205271 Utilizing nurses in global health delivery

Tuesday, November 10, 2009: 8:50 AM

Emily M. Hall, CRNP, MPH , Partners in Health, Front Royal, VA
Donna Barry, NP MPH , Partners In Health, Cambridge, MA
Patrice Nicholas, DNSc, MPH, RN, A , Center for Nursing Excellence and Division of Social Medicine and Health, Brigham and Women's Hospital, Boston, MA
Kate Sullivan, CNM , Brigham Midwifery Group, Brigham and Women's Hospital, Boston, MA
Michael L. Rich, MD, MPH , Partners in Health, Boston, MA
Background: Despite growing interest in global health nursing in the United States, nurses are grossly under represented in the field of global health delivery. Finding solutions to the challenges of healthcare in resource poor settings requires a combination of clinical experience and knowledge about the local clinical environment. While nurses who contribute to this work are most commonly drawn from academia, those with significant clinical experience have valuable expertise and skills to share with colleagues facing clinical challenges in the developing world.

Description: A program was designed to promote global health nursing in collaboration between a US health institution and a non-governmental organization (NGO) working in a rural healthcare system in the developing world. During the 6-month fellowship conducted on a repeating basis, an experienced clinician works alongside locally trained nurses in a rural setting on training needs and patient management issues. An onsite nurse mentor provides direction and support. Following a 6-month field placement, the fellow returns to share the experience with colleagues at their home institution. For example, a nurse midwife participating in the fellowship worked with locally trained nurses on management of postpartum hemorrhage and manual vacuum aspiration techniques. Her extensive clinical experience enabled her to evaluate the clinical environment and find feasible and sustainable solutions.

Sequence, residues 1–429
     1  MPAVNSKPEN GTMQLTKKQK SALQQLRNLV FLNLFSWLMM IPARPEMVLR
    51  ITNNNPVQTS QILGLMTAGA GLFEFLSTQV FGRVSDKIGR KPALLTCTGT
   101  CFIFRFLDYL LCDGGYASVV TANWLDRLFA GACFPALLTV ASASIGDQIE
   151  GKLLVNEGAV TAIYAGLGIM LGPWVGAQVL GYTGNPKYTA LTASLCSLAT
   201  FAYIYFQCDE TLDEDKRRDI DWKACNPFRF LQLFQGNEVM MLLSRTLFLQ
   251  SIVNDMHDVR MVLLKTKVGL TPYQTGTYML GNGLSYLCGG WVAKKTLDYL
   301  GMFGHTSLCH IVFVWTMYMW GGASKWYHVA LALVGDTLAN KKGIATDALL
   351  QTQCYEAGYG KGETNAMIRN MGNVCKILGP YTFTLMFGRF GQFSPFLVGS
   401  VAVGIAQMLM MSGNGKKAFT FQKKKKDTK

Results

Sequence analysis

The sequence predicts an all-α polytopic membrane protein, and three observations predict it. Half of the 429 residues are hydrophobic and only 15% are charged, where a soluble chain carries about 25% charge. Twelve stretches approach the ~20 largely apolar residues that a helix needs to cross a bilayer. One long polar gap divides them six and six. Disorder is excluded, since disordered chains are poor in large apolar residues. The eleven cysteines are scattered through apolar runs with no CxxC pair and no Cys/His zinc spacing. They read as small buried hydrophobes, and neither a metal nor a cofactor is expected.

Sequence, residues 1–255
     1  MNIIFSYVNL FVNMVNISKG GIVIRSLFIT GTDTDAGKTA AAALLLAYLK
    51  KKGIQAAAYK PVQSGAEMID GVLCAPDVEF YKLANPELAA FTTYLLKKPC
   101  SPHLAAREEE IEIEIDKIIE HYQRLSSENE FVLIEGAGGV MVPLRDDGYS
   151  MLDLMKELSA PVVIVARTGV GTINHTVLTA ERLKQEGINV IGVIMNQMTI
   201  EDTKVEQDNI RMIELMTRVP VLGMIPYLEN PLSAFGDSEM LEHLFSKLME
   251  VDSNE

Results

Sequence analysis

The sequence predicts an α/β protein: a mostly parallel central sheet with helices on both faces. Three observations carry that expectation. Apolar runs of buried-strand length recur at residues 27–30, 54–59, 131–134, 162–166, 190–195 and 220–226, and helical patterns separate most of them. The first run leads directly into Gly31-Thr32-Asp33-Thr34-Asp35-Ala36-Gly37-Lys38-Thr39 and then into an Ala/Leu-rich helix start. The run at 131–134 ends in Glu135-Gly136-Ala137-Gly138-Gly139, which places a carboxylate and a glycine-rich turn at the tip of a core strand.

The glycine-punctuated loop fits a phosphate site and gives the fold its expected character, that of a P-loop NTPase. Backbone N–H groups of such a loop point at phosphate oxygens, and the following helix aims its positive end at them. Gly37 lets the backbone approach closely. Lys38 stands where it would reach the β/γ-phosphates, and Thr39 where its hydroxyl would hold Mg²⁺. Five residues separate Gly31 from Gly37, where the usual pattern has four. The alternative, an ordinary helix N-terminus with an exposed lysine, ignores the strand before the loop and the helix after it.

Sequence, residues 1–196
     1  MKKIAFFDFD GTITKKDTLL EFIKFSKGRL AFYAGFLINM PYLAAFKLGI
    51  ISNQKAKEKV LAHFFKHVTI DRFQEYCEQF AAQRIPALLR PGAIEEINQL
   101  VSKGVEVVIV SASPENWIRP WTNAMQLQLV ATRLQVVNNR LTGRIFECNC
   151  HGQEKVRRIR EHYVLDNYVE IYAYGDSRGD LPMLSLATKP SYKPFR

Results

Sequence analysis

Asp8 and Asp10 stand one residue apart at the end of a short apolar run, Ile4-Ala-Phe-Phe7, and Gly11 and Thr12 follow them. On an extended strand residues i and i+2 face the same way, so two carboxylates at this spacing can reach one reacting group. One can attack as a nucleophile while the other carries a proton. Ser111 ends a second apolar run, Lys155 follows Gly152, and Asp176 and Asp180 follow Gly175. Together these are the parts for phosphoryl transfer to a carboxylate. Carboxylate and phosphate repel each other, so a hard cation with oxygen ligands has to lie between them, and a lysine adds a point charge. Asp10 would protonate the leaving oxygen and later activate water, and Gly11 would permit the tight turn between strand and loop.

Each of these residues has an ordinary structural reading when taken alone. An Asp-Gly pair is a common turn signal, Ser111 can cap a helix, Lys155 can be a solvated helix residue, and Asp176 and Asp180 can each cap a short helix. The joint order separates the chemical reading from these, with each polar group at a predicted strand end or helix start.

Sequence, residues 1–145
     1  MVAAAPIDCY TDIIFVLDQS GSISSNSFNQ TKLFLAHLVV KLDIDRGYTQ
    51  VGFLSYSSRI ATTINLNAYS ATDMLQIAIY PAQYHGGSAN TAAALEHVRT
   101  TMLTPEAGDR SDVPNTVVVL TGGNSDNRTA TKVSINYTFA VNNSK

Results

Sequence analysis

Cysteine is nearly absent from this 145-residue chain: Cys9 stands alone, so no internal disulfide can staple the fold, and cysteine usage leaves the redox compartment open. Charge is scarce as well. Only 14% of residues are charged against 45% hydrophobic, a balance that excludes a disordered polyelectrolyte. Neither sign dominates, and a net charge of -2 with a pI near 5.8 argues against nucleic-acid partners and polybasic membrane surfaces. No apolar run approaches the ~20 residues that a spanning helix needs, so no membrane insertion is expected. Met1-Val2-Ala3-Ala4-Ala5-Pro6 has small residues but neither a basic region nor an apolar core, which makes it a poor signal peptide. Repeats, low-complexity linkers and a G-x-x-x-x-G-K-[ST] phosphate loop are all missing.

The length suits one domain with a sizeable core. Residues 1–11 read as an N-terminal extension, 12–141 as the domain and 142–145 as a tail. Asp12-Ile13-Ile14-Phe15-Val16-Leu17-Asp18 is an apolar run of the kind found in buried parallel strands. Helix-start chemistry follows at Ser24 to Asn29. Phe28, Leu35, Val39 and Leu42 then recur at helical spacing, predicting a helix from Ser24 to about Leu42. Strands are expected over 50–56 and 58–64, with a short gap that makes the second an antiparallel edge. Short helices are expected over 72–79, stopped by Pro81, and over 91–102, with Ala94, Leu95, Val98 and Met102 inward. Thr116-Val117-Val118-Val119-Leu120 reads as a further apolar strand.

Lessons learned: An experienced clinician with knowledge in and focus on a specific area provides maximal impact to the local trained healthcare providers. The NGO infrastructure and onsite mentor help the fellow navigate an unfamiliar system, thereby increasing the effectiveness of their time and efforts. These two characteristics of this program contribute significantly to the local health system and the program's success. Nurses and other medical staff at the fellow's home institution gain insight into working as a health professional in a resource poor area.

Recommendations: Resources are needed to allow nurses to directly contribute to global health delivery. A well-defined practice area or program, sustainable training and system improvement goals, and onsite facilitation by a clinician familiar with the setting characterize these mentorships.

Learning Objectives:
1. Identify at least two benefits of experienced nurse clinicians participating in global health delivery. 2. Discuss at least one advantage of utilizing established NGO infrastructure and onsite mentoring in global health nursing programs.

Presenting author's disclosure statement:

Qualified on the content I am responsible for because: I am the primary coordinator for the program descibed.
Any relevant financial relationships? No

I agree to comply with the American Public Health Association Conflict of Interest and Commercial Support Guidelines, and to disclose to the participants any off-label or experimental uses of a commercial product or service discussed in my presentation.